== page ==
In Aliens the use of Weil, Gavin, etc., join the strains of Defoe and older writings, French philosophy, and abduction narratives – sometimes simultaneously. The tone of I Love Dick emerges into a psychedelic literary blend, a wonderful portrait of the “world” of a writer finding herself; this strikes me as more open to the outside than a strained stenographical “realism.” One thing I admire about Summer of Hate is that this impulse has been contained in the architecture of the book, as if to lure the enemy in. Chris Kraus literature now entwines with noir, and the outside non-literary world (spoiler alert) encounters and is itself transformed by Catt’s fantasy world.
Those prophetic Sheriff Joe Arpaio sections remain especially exemplary of how the novel can serve reality in the era of “fake news.” Working on Realometer Re-Loaded, I realized with Poe – they say that the death of his mother, a beautiful young woman, is at the center of all his work – but it’s not true. Pym, his novel, The Purloined Letter, and many of his most interesting and critically examined texts have no such imagery. But they all are about reading and writing. An orphan, literature was his family. His writing, which refuses to escape the textual, to apply to the outside world except as nemesis and deconstruction, nevertheless critically transforms the outside world, because it takes so much of the world in it through other texts. I can’t help but identify you with a nonjudgmental, postmodern attitude inherited from Acker and others, that sense that everything in a book is a piece of the outside world, thus books themselves are pieces of the world and the responsibility of the novelist is toward that pluralism of writing in and outside the self.
CK: I totally agree. I don’t think that disposition is generational. It’s more, maybe, poetic – it’s no coincidence that both of us grew up around the poetry world. Teaching a class like “fictocriticism,” or any of the classes we teach – that is much more accessible to artists than, say, a short story class. The aesthetic values of the art and poetry worlds are more closely aligned. What’s taught now as literary fiction rings false to artists. Your classes at Staedelschule are mythic ... kind of an example of “fictocriticism” and beyond. When I visited a few years ago, you talked for over an hour ... digressive, free-associating, it was like Art Bell’s late-night paranormal radio show. And you’ve been staging the classics –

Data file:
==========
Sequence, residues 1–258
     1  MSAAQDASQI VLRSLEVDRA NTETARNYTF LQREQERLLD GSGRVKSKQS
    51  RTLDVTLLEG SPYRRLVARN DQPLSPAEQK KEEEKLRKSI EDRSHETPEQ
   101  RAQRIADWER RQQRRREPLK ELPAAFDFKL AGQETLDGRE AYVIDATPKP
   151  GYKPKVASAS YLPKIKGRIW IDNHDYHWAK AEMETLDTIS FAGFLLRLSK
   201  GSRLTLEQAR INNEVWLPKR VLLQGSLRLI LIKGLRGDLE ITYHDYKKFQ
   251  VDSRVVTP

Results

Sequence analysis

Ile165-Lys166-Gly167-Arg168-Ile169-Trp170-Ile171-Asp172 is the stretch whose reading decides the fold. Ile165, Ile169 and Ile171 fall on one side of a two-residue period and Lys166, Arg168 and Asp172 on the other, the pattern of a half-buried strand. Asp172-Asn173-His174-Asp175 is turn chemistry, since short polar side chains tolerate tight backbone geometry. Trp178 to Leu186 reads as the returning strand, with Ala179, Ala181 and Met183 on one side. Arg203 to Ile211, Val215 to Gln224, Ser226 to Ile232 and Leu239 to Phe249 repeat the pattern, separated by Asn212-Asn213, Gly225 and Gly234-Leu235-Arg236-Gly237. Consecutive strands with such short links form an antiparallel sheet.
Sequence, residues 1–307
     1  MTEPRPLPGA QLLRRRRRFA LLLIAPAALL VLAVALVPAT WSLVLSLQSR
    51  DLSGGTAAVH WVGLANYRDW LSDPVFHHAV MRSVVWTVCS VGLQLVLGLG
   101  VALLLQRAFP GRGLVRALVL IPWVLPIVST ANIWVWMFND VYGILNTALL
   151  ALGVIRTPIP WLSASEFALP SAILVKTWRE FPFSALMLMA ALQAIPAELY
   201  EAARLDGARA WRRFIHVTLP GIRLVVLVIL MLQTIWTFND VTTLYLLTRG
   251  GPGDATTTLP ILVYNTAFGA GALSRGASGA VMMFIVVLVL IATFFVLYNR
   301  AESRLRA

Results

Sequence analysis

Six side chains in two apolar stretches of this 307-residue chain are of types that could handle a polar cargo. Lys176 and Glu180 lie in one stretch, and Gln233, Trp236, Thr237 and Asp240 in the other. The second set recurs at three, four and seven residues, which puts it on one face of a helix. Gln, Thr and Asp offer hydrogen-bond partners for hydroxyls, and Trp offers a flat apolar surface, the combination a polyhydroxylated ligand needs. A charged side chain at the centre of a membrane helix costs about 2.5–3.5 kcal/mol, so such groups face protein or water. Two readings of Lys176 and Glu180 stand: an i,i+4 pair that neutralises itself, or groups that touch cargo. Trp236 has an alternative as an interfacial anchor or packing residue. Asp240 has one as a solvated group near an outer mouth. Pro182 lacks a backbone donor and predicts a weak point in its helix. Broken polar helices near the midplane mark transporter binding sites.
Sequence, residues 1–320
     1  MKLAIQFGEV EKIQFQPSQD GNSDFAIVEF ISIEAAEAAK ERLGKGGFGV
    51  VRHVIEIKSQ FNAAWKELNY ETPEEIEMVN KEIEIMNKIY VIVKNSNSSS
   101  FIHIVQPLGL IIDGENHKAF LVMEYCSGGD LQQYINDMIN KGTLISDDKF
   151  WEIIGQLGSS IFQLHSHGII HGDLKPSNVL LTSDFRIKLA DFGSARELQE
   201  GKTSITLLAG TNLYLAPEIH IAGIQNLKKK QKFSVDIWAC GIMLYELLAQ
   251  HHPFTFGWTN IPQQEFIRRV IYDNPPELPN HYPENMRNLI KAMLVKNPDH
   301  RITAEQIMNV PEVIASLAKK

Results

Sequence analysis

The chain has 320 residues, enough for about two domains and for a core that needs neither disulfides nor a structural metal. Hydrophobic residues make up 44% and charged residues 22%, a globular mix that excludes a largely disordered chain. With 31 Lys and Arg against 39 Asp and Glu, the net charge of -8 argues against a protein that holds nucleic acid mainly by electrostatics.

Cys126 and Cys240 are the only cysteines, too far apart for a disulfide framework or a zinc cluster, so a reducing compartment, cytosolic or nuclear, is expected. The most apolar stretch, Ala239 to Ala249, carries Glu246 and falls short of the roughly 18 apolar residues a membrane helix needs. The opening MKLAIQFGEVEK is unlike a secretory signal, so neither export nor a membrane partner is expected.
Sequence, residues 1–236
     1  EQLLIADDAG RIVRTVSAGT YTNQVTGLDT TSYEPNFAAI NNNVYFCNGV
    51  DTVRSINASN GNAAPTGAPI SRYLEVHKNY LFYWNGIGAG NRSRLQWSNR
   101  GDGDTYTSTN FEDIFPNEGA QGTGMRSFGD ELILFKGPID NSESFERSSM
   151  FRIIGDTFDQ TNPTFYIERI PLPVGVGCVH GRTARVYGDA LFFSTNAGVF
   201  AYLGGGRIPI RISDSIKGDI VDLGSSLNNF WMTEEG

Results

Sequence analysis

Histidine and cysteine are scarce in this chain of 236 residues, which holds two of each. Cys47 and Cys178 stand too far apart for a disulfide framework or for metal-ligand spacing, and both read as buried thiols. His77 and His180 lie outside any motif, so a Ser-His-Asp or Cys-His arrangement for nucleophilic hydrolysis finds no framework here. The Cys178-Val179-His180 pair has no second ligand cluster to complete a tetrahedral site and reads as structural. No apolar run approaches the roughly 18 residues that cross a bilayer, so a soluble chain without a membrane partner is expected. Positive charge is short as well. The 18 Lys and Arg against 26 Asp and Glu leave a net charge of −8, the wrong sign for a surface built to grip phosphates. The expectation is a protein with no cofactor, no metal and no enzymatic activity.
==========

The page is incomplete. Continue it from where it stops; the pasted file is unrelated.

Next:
MVS: Chris, the class has become explicitly mythic, with Jack Brennan introducing myth-writing in seminar last semester, and now the Robert Graves House inviting us to propose some sort of Pure Fiction residency in Deia, Mallorca. Though Art Bell is gone, in other words, the paranormal remains. The artists working with fiction and writing that I collaborate with in Frankfurt are uniquely and even perversely focused on things like self-publication, performance, anti-distribution, and even large-scale theatrical collaboration, which they can fall into immediately and in large numbers. This puts them much more in alignment with what we have experienced as the poetry world than the art world – yet still a thing apart. Meanwhile many are versed in poetry; ficto-critics like you and I are now followed by real poets into the alternate economy of the art world. Art-for-art’s-sake, like Art Bell, has all but disappeared. It’s for all of us, no?
CK: I remember you comparing catalog-essay writing to pulp magazine writing in the 20th century – a passably lucrative side-job for a writer. And it’s true! You actually wrote a whole novel, New Dystopia as an alternative catalog for a museum show in Bordeaux. The art world is sick of its rhetoric. Since everyone agrees that criticism is a cynical exercise that exists to add value to the art object, why not at least be amused? And so cynicism becomes an opportunity for writers to do something good.
Chris Kraus is a writer, filmmaker, and co-editor of the publishing house Semiotext(e). She is the author of four novels, among which I Love Dick (1997), which has been dubbed "a fusion of gossip and theory" and, most recently, After Kathy Acker – A Literary Biography. A new collection of her art writing, Social Practices, will be published by Semiotexte in Fall 2018. She lives in northern Minnesota and Los Angeles.
Mark von Schlegell is the author of various novels, shorter fictions, art texts, and critical writings, including Sundogz (Semiotext(e), 2015) and Realometer Re-Loaded, forthcoming in 2018 as an artwork from Galerie Jan Kaps, Cologne. Born in the USA, he now lives in Cologne, Germany.
* Cover photo: Chris Kraus delivering the fictional lecture "Amboy: American Artist" by Chris Kraus and Mark von Schlegell in Amboy by Frances Scholz, 2015.